Why do Blender modelers use Zbrush and not the internal sculptor?

To me it seems so much easier not to have to deal with exporting importing normal maps, ability to adjust the polygons on the fly…and all the tools seem to be the same

Have you seen what Zbrush can do?

That’s an invalid comparison - you can point to Avatar and make the same argument with Maya, but it’s not the program that made it but the team behind it. I’ve modeled in Zbrush and Mudbox and recently made the switch to Blender - seems to be another voxel sculpting tool with painting capabilities. But I assume you find it inferior - referring to software alone - why?

I don’t think blender is inferior but if you got Zbrush, why not use it? I’ve never used Zbrush but from what I’ve seen it looks great. Retopo looks very easy compared to blender. Another great app is 3d coat with auto retopo. Sculptris has dynamic tessellation. There are many other reasons why some people choose Zbrush over blender for sculpting. Maybe they can reach higher poly counts in Zbrush or they just feel more comfortable using it.

I’m starting a studio/company and figuring what we need, and trying to garner some opinions from modelers here as what features they were missing in Blender in order to need the program.

Just google zbrush and goto images.

I’m no pro so I can’t really suggest anything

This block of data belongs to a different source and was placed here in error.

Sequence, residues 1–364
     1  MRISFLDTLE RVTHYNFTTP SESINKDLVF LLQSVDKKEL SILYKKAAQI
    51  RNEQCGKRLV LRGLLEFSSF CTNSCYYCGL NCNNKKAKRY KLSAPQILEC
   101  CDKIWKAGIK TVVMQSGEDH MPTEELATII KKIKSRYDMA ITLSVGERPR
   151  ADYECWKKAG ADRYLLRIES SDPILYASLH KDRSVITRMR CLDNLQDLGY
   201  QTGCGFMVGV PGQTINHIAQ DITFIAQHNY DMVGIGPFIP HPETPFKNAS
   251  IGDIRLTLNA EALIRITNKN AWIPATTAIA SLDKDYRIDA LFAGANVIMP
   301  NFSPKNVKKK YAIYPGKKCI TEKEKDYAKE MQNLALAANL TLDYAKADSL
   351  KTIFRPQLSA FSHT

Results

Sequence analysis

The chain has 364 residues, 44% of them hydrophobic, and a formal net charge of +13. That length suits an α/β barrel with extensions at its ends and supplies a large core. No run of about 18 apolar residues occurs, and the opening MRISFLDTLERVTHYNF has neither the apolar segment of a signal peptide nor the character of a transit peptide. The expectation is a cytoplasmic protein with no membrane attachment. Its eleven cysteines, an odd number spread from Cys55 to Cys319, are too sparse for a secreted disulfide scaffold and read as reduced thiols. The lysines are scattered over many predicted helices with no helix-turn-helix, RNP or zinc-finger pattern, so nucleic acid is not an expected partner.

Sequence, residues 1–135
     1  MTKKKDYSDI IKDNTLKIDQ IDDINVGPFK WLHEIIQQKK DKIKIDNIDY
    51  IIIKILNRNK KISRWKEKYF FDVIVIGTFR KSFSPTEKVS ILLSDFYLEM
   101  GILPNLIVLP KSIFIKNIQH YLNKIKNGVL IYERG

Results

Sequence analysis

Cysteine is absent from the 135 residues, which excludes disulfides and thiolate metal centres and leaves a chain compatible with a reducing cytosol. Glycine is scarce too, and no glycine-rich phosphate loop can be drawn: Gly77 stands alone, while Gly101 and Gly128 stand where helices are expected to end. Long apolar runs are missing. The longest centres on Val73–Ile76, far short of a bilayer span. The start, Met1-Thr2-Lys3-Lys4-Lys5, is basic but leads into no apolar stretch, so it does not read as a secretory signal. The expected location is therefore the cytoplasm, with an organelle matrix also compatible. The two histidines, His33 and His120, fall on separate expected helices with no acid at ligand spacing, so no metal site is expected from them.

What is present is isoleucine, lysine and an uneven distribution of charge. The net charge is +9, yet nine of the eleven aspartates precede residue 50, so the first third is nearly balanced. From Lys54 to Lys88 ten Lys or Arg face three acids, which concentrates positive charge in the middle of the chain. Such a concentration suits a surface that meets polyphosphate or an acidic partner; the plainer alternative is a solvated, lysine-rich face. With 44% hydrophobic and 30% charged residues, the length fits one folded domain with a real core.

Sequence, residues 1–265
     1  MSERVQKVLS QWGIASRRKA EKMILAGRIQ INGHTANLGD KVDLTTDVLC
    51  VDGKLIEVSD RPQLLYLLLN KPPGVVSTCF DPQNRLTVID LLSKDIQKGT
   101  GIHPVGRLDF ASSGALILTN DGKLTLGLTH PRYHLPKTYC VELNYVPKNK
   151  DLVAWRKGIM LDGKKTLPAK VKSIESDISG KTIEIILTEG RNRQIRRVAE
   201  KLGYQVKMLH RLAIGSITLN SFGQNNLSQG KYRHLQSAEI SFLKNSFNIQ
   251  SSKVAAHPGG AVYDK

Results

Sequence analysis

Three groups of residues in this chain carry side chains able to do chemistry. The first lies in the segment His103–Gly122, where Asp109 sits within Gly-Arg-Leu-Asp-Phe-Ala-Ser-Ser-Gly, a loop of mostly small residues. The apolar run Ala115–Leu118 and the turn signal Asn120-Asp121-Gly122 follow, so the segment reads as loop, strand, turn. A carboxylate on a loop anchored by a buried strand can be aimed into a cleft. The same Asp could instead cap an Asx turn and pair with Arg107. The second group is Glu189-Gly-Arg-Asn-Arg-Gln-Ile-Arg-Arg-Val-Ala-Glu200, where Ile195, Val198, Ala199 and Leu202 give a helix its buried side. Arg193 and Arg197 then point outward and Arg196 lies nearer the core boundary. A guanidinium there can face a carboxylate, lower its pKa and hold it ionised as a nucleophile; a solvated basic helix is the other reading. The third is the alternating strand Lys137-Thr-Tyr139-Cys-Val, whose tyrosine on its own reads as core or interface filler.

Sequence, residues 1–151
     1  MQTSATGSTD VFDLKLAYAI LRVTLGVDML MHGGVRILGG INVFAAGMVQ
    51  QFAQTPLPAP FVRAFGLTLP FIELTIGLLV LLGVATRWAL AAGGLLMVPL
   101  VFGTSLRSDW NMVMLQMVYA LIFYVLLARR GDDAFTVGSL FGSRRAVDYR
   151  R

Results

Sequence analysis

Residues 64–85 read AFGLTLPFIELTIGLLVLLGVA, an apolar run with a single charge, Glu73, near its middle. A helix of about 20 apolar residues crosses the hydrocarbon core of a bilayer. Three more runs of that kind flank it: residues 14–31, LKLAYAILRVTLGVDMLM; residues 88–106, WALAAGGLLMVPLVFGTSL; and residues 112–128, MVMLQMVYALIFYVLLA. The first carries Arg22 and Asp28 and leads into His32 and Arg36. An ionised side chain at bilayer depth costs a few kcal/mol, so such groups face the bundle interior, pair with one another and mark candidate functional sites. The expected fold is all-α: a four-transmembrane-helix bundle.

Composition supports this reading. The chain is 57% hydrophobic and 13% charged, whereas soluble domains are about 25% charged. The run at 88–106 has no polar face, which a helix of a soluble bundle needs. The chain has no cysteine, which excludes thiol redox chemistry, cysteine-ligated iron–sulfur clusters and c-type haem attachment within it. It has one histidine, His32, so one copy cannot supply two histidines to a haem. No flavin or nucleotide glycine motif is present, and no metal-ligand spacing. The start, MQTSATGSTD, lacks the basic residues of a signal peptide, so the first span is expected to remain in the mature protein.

start a thread in the ‘Blender and CG discussions’ section and you’ll get a ton great advice from the pros

Just google zbrush and goto images.

Ignore him, he obviously didn’t read the previous posts

Hahaha, I’ll try. I’m aware what ZBrush can do, the US govt. for example uses Zbrush in order to model coins, and it’s Hollywood mainstream, considered highest calibre in the industry. But pedestals aside I’m interested in the opinions of people that use both.

I’m starting a studio/company and figuring what we need, and trying to garner some opinions from modelers here as what features they were missing in Blender in order to need the program.

Some initial things that blender lacks that I use:
Mesh Extraction
Useful Mesh Projection
3D Layers
Clipping brushes
The sculpting brushes feel much more responsive and predictable.
Blender sculpting really doesn’t come close when compared with zbrush, which isn’t surprising given blender is really a jack of all trades

I’m likewise a Zbrush virgin - mostly cos of my old ppc Mac. But I did try out Sculptris on my even older PC, and I’d have to say that just the responsiveness and speed of working was much better than the bit of sculpting i’ve done in Blender. If you’re in production, productivity is pretty important :wink: so if a tool works faster/more responsively, it can save many person-hours.

You’re right naturally, there are no magical tools, but sometimes a specialised tool is the right one for the job if you can afford it.

It sounds like we have more exciting developments in Blender sculpting soon though, and the tools are certainly all there, if you can get the performance from your machines.
Edit: except the ones Richard mentions above :o

Blender is an incredible program, whether it were commercial but even more so as free. It’s sculpting abilities are good, but they are certainly an add-on. It wasn’t designed to be a sculpting program, that was a feature added much later in development.